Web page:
President Robert Mugabe was ousted on Sunday as leader of Zimbabwe’s ruling ZANU-PF party in a decision that will force him to end his 37 years in power, after his government ended in practice four years ago .
Mugabe was replaced with Emmerson Mnangagwa, the vice president recently dismissed by the now-disgraced leader, sources at a special meeting of the ruling ZANU-PF party, which would decide the fate of the president, told Reuters.
“He was expelled,” one of the delegates to the meeting told Reuters. “Mnangagwa is our new leader,” he added.
Mugabe’s wife, Grace, who harbored the ambition to succeed Mugabe, was also expelled from the party. Speaking before the meeting, veteran warlord leader Chris Mutsvangwa said Mugabe, 93, was running out of time to negotiate his departure and should leave the country while he could.
“He is trying to negotiate a decent exit,” he said.
Mutsvangwa also raised the threat of calling for street protests if Mugabe refused to leave, declaring to journalists that “we will bring back the masses and they will do what they have to do”.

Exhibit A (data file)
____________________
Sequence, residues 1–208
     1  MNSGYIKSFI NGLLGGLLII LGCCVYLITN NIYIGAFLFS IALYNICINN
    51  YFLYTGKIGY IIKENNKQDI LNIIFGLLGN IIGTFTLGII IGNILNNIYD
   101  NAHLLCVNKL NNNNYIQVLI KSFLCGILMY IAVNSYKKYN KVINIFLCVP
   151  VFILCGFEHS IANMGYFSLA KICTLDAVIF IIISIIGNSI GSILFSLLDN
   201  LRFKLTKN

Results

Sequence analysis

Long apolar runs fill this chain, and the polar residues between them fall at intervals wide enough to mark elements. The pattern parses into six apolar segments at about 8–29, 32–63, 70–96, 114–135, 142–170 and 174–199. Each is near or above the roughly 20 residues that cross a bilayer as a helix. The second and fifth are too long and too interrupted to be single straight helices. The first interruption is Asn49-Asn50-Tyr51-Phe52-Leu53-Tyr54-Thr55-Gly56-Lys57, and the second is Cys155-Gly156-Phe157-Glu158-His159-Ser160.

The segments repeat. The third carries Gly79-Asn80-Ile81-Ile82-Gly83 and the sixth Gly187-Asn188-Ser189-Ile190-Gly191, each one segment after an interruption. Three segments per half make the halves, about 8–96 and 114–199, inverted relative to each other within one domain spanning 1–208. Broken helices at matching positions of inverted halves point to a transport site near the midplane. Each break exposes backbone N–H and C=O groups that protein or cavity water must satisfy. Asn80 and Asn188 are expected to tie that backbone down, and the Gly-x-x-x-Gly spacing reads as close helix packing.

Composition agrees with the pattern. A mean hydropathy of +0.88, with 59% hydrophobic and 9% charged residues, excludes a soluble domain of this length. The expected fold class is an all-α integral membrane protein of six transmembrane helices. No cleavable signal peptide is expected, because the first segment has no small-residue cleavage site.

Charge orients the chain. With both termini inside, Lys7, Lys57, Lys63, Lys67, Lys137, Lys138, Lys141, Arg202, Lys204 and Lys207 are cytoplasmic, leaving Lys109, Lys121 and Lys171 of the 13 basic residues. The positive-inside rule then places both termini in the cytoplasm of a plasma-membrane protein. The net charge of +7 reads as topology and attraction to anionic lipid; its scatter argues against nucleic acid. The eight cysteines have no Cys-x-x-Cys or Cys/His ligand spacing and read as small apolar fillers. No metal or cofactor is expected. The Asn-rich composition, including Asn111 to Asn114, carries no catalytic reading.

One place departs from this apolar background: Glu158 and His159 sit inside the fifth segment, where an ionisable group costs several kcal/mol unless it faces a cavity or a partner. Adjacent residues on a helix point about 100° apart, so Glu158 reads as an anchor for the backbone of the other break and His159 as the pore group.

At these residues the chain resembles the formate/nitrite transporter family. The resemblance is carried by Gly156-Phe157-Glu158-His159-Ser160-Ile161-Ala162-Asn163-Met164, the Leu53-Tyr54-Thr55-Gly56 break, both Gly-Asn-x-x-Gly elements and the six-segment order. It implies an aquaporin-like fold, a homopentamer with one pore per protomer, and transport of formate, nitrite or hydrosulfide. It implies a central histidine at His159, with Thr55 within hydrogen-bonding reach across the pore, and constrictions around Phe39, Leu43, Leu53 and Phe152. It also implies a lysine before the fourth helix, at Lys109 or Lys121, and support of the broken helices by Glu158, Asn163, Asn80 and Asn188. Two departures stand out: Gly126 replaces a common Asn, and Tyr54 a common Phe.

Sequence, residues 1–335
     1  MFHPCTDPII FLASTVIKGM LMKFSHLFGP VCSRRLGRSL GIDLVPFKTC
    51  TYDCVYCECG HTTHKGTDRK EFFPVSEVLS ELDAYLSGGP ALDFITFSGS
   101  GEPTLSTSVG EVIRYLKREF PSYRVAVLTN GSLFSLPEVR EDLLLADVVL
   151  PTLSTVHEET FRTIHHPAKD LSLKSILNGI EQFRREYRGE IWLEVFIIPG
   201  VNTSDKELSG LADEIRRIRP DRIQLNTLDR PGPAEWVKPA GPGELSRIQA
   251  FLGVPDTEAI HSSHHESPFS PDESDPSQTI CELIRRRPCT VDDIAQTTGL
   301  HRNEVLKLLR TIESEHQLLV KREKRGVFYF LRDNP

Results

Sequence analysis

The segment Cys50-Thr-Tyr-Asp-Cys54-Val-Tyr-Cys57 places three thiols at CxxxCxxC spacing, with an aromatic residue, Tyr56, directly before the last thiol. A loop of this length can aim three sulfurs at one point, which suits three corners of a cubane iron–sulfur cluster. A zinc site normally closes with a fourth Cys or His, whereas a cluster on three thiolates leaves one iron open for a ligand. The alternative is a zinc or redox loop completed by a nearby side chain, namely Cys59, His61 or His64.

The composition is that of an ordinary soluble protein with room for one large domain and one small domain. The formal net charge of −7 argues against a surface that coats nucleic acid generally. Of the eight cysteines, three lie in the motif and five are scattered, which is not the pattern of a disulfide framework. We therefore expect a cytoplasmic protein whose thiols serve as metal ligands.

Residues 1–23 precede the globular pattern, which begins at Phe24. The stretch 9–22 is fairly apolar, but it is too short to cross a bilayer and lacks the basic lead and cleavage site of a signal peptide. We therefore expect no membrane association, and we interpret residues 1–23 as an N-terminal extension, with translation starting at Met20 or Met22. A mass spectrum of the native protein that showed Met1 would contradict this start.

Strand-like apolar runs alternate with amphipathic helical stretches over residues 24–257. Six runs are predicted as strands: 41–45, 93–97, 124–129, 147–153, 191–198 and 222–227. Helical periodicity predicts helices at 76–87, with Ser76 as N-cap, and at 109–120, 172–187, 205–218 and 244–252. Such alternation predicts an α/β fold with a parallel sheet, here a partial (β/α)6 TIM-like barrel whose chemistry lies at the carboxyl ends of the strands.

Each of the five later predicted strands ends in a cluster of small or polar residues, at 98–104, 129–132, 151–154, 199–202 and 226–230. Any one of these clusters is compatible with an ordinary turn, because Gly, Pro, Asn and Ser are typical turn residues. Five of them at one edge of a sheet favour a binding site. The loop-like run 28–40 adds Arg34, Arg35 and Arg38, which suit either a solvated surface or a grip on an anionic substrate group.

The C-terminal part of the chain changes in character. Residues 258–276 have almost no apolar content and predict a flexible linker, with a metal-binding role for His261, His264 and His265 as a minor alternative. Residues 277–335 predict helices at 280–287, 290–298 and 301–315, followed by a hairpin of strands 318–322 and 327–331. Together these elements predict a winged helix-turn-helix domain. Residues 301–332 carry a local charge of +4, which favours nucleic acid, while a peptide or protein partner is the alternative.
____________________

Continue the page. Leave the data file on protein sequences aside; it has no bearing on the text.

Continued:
Mnangagwa, a former state security chief known as “The Crocodile,” is in line to head an interim unity government that will focus on rebuilding ties abroad and stabilizing an economy that is in free fall.
The Army took control last Wednesday and confined the leader to his residence. On Saturday, tens of thousands of Zimbabweans did not need an official announcement of the expected fall of the president to take to the streets of Harare singing, dancing and embracing the soldiers in a show of euphoria, excited by a possible political and economic change after two decades of repression and growing difficulties.
The only ruler that Zimbabwe has known since independence from the United Kingdom in 1980, Mugabe is admired by some in Africa as a veteran statesman and anti-colonial hero. But many more inside and outside the country see him as a dictator willing to resort to violence to retain power and sink an economy that in the past was promising.